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Leather belt with keys, used by State Registered Mental Nurse, England, 1940-1970

Security and practicality are behind the design of this sturdy leather belt with keyring. It was used on a psychiatric ward at Farnborough Hospital, now the Princess Royal University Hospital, in Kent, England. The key ring consists of a soldered metal bracket. This cannot be taken off the belt. There is also a metal loop in the middle of the belt over which the keyring cannot pass. This ensured the keys could not be snatched from or slip off the belt. The belt and keys were used between 1940 and 1970. They represent the large public mental hospitals that defined psychiatric care after the Second World War and the rise of the National Health Service. We know these keys were used by a State Registered Mental Nurse. This further highlights the fact such mental hospitals were government-regulated organisations rather than old-fashioned asylums. The staff had to meet professional standards. However, controversial medical treatments such as insulin coma therapy, electroshock and frontal lobotomy were common. They were seen as inhumane and brutal institutions, more like prisons than hospitals.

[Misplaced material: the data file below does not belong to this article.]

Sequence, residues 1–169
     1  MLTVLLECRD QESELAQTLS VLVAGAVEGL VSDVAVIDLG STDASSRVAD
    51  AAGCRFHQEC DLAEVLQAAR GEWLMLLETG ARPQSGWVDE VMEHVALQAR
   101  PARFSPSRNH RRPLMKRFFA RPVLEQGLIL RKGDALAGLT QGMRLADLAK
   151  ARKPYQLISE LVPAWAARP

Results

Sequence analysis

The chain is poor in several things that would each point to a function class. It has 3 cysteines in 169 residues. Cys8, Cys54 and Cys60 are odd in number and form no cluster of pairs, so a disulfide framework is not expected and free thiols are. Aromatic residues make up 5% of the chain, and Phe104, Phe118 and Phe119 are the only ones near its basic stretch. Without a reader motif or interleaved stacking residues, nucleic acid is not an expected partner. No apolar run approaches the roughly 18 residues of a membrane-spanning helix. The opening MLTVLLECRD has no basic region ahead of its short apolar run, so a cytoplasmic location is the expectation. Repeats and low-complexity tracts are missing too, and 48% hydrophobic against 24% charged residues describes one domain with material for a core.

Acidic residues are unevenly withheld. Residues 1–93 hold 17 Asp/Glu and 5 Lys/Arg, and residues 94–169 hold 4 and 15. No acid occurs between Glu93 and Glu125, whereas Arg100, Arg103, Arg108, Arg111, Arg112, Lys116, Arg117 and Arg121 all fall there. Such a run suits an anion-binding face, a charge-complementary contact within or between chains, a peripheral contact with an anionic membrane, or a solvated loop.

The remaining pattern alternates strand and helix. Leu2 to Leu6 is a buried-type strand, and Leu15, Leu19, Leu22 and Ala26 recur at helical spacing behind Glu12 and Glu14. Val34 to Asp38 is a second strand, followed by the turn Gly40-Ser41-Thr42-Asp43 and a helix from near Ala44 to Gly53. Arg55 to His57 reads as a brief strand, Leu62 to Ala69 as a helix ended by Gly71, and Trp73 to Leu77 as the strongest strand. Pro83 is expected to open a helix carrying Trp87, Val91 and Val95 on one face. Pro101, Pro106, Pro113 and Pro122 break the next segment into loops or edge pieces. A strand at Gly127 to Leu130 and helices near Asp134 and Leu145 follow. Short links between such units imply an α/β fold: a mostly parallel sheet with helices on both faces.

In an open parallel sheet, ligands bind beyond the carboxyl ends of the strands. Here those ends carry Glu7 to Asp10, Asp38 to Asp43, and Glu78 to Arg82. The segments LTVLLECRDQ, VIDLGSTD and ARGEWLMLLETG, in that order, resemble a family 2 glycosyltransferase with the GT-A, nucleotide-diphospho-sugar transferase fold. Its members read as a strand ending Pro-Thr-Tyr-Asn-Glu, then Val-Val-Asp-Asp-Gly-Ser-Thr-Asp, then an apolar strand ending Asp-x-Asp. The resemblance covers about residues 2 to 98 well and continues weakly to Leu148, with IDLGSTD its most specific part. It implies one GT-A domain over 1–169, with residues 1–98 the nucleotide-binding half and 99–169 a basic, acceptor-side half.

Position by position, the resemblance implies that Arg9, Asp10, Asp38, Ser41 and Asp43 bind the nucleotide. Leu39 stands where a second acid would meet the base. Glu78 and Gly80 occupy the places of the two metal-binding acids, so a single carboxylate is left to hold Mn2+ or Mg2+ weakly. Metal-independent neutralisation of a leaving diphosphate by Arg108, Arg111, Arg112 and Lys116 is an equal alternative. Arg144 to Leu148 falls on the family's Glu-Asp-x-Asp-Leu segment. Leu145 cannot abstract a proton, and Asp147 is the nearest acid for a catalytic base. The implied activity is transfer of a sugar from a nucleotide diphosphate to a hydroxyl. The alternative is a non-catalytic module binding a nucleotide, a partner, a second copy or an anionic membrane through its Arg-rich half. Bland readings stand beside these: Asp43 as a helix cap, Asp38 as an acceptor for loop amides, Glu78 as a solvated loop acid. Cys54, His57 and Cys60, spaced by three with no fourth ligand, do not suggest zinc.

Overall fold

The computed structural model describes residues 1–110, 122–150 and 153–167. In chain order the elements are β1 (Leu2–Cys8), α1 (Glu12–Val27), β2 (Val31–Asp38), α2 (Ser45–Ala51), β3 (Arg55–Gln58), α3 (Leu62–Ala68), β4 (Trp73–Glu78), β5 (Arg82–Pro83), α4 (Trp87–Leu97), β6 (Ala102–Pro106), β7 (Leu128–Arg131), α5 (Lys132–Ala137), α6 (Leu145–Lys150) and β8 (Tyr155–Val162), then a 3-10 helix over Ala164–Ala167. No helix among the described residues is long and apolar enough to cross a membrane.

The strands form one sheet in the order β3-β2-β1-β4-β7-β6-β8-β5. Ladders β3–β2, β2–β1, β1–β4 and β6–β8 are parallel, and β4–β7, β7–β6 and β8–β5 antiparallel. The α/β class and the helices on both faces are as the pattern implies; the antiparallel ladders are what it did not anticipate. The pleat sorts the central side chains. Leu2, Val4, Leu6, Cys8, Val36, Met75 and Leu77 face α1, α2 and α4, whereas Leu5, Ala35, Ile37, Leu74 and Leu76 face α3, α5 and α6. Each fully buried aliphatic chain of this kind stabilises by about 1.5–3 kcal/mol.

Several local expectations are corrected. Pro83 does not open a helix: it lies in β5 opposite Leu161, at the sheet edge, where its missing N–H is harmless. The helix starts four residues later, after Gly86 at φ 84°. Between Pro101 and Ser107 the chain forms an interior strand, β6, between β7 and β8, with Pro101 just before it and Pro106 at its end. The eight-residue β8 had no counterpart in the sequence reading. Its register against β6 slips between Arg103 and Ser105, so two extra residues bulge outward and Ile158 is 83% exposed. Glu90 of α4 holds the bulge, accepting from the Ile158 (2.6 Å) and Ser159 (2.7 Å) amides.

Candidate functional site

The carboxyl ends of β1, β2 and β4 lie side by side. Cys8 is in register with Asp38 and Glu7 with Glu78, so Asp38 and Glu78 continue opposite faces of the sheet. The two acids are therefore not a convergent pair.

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Related Themes and Topics



Glossary: belt

No description.

Glossary: psychiatric hospital

Psychiatric hospital specialising in the treatment of serious mental illness, usually for relatively long-term patients.

Glossary: key - hardware

The removable actuating devices of locks. For hand tools used for opening and closing devices other than locks and that do not have a jaw and do not fit into screws, use "keys (adjusting equipment)."